> and throughout the neighborhood. It was one of the best Christmases
> because we really wanted bikes and didn’t know how Mom was going to get
> them for us!( my youngest brother thinks he got his from Santa!)
> You know, I don’t remember what happened to that pretty pink bike!
> It was so long ago. We are all grown up now.
> No pouting… just fond memories.
> Merry Christmas!
My Lady Wonder Wench sent this as soon as this week’s podcast went up:
Of course I believe in Santa Claus. I still look under my bed just in case the jolly old elf left something there. Even when times were bad, my mother never let me down, although it took years for me to figure that one out. And my very own Santa Claus made me keep Christmas even when I’d stopped believing. It’s not “getting” something – it’s “having” a piece of the special night that returns light to the world even when it seems darkest. That light will return – look for it.
I’m sitting here in my big, manly, comfortable, black leather poppa chair, looking out at the November-December weather here in the foothills of the Pocono Mountains. As usual, it’s no where near the Buffalo New York disaster scene. It’s just quiet, gray and dreary. But, No Pouting, because Santa is about to swashbuckle in here with a big red suit, green, gold and silver wrapped presents, and happy music made by symphony orchestras with choirs, rock bands, and even chipmunks. And there’s no ducking away from him to go suck your thumb and put the back of your hand to your head, and cry in your beer…because “He sees you when you’re sleeping…he knows when you’re awake….” no matter where you are, he’s going to pop up, and lay a ho ho ho on you if you give him a chance. I know things are tough this year, but no matter how tough things may be…the price is right…so you may as well not pout, and just give him a shot.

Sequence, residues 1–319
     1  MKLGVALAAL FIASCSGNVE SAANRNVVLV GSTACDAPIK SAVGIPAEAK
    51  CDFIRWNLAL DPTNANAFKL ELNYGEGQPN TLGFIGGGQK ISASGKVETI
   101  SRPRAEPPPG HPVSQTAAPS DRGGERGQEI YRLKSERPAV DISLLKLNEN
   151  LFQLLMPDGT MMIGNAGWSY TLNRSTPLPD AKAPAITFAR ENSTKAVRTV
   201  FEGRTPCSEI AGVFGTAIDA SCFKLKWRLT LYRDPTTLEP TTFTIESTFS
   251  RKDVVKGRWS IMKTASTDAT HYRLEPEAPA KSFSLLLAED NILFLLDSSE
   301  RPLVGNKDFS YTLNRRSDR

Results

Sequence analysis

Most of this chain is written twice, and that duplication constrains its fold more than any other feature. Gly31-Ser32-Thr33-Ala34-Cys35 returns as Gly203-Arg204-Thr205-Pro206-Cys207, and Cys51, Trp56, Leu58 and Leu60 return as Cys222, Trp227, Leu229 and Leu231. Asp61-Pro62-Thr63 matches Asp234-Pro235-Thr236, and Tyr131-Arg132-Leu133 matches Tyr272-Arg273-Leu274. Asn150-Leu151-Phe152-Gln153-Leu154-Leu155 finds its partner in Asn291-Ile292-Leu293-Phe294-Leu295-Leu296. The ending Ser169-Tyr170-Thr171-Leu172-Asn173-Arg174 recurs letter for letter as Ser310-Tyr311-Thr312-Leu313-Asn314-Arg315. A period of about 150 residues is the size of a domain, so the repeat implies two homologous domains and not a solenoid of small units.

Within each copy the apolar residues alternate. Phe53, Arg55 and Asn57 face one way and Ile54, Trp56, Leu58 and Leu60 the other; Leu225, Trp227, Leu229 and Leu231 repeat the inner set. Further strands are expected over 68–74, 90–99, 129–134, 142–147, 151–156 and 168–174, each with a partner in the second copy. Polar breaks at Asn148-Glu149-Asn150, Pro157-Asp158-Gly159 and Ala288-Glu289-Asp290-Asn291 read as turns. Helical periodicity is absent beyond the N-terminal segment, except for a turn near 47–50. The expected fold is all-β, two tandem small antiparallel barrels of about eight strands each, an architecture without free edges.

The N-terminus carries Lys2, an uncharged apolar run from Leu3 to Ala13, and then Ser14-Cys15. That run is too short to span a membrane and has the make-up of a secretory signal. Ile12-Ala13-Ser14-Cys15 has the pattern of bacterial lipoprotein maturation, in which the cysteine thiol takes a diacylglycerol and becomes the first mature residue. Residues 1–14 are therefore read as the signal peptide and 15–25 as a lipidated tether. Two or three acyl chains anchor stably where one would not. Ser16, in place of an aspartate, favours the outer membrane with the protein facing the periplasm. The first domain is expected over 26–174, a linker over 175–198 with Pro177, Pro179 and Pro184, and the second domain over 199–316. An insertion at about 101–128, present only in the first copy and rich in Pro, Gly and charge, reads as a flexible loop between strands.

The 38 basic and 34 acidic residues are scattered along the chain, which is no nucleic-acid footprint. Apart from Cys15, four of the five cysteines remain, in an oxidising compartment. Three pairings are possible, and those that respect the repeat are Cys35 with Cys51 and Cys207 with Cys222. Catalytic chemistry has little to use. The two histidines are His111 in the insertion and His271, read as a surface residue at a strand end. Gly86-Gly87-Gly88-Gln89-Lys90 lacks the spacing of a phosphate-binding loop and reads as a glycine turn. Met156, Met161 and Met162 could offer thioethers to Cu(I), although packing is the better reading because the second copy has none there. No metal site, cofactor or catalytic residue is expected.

Santa is lots of things to lots of people. But he pretty often gets a bum rap. He gets the blame for all the tasteless, crass, loud tv commercials for “The Biggest Sale Of The Year.” He also has to take the fall for “Taking Christ out of Christmas.” I think he deserves better. I think it’s time to thank Santa, because that stuff is not his fault.
Santa is a connector. Every year…no matter how old you are…he connects you to who you were when you got your first electric trains… a sled…or a bike under the tree…or your first Christmas kiss. And most important, he’s the connection to that distinct Christmas Eve “tuck you – in – so – Santa – can – come – with – his – reindeer – and – presents” feeling that your parents gave you. It was so safe…and happy…and real. And with a little luck, Santa helps you pass all that along to your kids…every Silent Night.
Of course, “He knows when you’ve been bad or good, so be good for goodness sake.” Not a bad reminder for us “Louie-Louie Generation” folks. Sometimes we slip. We tell terrible Christmas puns like, “As Adam said to his wife on the day before Christmas, “It’s Christmas, Eve.” I know. That’s awful. But…that’s right. No Pouting.